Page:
Spring semester of his second year he had grown a lot but still had to mature, so I took it slow with him. Even the instructor made fun of my little horse and tried limiting the things I was allowed to do saying he was not ready for it. But each time we showed them we could. I ride English, but my little colt was not interested. It was not that he did not do what I asked, just that he was obviously happier in Western tack doing Western stuff. Close to the end of the semester, although many students had gone for quite a ride, none had left the saddle. I went to mount my trusty steed to find myself on the ground on the other side. The instructor asked, "Did he buck?". But no, he had not, and as if to confirm that, he too was looking around at me as if to ask "What are you doing down there?". I guess I had just put too much "Umff" into the mounting and soared right over. After successfully completing the course, I again put Giggles, as he was affectionately known, up for sale, thinking this time he was broke. But again I had few interested parties and those were not willing to pay even garage sale prices for him so he stayed right here with me.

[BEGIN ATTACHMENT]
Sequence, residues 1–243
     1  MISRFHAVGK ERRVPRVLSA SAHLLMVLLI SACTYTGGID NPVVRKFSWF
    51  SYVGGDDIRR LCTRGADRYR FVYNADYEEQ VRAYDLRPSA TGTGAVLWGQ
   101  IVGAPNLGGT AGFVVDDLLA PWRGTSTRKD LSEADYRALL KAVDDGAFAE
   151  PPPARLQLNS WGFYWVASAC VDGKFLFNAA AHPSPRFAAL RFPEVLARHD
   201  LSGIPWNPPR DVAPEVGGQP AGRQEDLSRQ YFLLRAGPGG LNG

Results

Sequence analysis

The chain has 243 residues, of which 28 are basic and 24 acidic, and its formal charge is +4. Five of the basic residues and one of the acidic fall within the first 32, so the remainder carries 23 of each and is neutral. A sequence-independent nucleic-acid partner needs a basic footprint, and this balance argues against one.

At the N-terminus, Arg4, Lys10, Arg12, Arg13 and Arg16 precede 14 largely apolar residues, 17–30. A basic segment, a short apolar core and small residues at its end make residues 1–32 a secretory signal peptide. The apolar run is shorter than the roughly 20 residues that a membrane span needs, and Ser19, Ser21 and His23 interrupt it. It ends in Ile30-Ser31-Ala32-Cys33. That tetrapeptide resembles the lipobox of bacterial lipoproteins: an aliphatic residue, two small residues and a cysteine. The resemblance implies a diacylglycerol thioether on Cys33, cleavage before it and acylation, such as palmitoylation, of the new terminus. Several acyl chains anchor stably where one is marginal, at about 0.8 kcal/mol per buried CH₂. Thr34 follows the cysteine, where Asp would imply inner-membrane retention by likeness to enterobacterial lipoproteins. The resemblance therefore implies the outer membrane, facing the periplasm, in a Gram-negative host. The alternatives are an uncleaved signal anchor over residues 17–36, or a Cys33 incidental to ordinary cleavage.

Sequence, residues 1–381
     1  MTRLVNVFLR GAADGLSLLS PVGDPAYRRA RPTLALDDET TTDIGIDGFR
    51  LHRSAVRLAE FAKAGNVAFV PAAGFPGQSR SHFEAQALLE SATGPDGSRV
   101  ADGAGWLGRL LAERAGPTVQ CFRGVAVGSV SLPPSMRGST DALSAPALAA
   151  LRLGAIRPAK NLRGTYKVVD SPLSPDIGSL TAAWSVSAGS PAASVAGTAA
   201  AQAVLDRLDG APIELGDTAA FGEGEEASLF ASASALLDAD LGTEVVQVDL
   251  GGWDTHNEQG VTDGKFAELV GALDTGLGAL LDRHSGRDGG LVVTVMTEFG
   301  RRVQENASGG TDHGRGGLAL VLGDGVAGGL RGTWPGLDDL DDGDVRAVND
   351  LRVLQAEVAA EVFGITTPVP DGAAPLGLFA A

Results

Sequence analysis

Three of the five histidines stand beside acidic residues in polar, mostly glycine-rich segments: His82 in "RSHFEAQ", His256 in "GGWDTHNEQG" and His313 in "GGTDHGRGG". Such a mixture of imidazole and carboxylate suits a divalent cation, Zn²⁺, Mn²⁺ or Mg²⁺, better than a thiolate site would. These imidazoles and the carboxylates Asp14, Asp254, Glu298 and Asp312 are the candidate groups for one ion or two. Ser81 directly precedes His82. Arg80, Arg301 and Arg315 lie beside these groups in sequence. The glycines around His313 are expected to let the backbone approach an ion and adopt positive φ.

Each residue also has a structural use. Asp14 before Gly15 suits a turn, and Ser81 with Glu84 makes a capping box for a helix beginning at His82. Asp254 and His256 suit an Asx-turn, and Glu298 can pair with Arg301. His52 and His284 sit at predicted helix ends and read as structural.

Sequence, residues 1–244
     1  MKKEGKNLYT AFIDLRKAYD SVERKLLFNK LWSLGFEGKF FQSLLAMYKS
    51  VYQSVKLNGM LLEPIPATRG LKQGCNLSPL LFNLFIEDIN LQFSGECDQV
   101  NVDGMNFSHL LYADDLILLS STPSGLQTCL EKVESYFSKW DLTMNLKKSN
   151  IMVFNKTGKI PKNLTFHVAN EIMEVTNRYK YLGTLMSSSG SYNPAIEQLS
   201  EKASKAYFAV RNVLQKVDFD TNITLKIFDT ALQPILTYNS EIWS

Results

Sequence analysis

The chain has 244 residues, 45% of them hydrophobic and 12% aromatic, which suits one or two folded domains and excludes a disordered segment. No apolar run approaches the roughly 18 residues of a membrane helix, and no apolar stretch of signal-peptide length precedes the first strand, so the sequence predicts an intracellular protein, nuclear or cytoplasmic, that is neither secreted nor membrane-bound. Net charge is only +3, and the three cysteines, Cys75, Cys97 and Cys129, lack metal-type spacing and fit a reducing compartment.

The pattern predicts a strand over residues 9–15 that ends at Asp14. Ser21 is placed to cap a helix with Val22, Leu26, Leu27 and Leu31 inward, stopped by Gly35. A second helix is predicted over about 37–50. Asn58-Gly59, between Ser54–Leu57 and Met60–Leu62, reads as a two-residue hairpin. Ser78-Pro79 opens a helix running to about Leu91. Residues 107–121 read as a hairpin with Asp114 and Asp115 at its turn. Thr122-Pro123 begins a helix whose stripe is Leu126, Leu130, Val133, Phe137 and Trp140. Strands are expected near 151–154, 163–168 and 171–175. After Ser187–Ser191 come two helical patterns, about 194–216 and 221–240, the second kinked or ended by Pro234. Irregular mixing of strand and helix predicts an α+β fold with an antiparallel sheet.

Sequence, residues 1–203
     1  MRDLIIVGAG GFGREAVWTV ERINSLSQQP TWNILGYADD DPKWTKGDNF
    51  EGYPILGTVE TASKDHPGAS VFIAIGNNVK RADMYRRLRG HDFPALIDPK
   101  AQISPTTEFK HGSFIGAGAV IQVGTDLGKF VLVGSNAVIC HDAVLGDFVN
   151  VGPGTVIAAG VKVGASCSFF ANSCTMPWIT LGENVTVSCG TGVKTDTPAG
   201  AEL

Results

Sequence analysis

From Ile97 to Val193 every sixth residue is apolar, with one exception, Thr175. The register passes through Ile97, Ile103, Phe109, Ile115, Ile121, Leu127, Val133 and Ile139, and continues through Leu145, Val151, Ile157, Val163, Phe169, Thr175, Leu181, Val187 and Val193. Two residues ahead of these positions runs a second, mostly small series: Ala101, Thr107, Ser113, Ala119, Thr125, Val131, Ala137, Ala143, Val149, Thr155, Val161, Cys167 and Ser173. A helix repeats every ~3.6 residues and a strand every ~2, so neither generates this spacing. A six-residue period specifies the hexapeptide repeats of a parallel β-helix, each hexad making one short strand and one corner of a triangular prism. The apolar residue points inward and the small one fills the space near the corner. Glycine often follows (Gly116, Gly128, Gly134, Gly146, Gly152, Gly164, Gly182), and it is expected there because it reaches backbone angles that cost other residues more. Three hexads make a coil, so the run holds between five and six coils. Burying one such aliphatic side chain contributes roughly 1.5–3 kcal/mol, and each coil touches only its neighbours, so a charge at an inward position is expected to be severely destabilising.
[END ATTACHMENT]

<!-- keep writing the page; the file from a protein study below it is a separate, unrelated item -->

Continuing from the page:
Years went by and I would get new horses or foals, so Giggles was not used or worked with often. But when I just wanted to relax, he was the horse to ride. I always said he was such a good horse, just like his dam, that when he died, if I needed him, he would dig his way out to help me then rebury himself when the job was done.

At one point in life, I needed money unexpectedly, so I took him and one other horse to auction. I can remember the auctioneer saying how well-behaved he was, especially since he was so young. But again his price stayed at the bottom of the barrel. Not enough to help me. I turned down the bid and gratefully took him home.